The code starts with the acknowledgement that monitoring staff is usually an intrusive process and that all employees have a right to expect their personal lives to remain private and be able to retain a degree of privacy in the work environment (as required under the Human Rights Act 1998). With this in mind, the code states the basic requirement that employers are clear about the purpose of any staff monitoring and satisfied that the particular arrangements are justified before they commence.

At all times, heavy emphasis is placed on the employer’s justification and communication of procedures to employees. Staff should always be made aware of the nature and extent of, and reasons for, monitoring unless the nature of the monitoring is covert – something that can only be undertaken in exceptional circumstances. There is no legal requirement for an employee to give consent to monitoring as long as the case for monitoring is justified. In any case, for consent to be freely given by the employee, then the policy must be capable of being withdrawn by the employer, which is impractical.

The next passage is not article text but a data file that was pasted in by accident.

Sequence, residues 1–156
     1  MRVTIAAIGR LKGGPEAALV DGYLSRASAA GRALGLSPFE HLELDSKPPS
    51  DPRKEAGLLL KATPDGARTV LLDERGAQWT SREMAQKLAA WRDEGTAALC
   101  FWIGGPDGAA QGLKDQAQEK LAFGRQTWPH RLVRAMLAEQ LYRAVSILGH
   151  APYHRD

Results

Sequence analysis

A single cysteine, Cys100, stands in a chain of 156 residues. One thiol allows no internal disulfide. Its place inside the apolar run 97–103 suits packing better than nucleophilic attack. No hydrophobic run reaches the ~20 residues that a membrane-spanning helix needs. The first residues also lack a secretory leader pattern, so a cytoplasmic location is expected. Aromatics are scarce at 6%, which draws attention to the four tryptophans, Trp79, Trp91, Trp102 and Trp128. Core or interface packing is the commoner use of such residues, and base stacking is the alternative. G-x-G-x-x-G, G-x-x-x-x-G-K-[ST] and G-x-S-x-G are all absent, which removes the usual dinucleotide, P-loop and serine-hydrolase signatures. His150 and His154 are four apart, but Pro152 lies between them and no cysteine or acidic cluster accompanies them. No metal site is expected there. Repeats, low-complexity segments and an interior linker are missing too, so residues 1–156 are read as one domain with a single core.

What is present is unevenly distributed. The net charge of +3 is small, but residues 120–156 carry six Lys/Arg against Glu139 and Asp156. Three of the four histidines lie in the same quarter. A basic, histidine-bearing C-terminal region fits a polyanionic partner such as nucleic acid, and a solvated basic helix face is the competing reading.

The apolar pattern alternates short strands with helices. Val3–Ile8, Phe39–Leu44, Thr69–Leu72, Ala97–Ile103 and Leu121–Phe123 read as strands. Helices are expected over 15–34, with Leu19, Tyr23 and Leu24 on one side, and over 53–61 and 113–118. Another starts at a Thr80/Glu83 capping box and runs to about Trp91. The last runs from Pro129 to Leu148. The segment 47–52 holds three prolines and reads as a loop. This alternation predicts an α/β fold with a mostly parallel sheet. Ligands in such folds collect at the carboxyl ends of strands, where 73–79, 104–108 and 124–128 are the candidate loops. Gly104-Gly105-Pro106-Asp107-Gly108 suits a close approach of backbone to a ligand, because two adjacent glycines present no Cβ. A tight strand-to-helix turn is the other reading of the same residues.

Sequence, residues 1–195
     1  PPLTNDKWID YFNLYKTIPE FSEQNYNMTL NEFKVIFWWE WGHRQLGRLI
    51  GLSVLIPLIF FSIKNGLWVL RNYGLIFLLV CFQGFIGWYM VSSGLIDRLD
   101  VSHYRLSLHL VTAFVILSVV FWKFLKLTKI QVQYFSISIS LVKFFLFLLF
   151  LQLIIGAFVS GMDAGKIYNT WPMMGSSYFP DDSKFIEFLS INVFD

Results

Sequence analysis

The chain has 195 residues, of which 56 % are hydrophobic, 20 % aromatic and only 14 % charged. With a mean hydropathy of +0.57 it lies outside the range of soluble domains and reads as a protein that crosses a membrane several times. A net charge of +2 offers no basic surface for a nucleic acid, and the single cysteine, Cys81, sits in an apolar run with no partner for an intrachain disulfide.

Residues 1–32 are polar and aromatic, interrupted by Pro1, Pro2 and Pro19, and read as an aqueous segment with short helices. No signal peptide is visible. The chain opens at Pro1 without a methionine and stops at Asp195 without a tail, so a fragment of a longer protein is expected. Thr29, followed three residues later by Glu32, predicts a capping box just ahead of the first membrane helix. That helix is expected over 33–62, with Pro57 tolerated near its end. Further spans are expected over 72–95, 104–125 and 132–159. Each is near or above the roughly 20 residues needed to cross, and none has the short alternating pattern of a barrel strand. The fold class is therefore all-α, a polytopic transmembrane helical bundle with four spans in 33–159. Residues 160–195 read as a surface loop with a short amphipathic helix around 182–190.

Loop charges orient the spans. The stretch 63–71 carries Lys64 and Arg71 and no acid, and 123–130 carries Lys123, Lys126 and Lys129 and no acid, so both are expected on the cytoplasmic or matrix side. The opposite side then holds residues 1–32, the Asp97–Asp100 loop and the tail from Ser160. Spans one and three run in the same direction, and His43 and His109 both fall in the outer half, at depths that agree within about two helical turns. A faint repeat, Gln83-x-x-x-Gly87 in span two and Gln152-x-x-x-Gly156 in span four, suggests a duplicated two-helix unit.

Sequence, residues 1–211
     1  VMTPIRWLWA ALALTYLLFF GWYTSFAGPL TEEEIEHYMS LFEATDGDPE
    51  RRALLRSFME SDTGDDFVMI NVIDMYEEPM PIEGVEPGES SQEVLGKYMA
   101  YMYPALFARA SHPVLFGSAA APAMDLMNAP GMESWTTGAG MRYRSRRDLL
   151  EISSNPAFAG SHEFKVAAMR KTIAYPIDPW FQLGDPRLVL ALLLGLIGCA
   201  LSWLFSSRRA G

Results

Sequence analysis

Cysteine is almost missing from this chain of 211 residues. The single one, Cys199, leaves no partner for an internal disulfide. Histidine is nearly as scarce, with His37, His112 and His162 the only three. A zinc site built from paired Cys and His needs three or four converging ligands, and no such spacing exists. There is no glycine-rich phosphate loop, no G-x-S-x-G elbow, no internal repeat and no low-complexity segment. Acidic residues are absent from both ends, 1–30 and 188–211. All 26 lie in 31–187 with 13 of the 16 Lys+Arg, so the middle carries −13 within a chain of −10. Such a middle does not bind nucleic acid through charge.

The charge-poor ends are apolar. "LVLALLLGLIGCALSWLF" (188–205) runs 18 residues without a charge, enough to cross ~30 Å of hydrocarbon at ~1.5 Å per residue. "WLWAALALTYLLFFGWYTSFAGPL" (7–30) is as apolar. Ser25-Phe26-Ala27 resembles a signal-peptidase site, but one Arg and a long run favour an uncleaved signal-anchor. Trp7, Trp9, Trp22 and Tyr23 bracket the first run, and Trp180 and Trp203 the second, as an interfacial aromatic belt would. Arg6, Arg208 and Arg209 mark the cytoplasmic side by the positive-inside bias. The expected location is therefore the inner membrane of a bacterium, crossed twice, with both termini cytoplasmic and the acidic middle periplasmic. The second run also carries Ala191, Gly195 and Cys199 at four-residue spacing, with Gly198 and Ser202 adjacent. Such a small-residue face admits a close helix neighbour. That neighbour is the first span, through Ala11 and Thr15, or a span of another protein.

The method used to monitor staff is another primary consideration. Employers must clearly weigh benefits against any adverse impact on the daily running of the company as well as satisfy the legal requirement of being fair to staff. Intrusions into employee’s private lives will only be justified if the employer’s business is at real risk of serious damage. For instance, the code states that, where possible, employers must avoid opening obviously ‘personal’ emails although this can be balanced against the possibility of bullying or the transmission of obscene material and defamatory statements. The interception of emails, faxes, internet use and telephone calls is covered in the Regulation of Investigatory Powers Act 2000 and the Lawful Business Practice Regulations 2000 which, again, regard such interception as illegal unless sound justification can be given.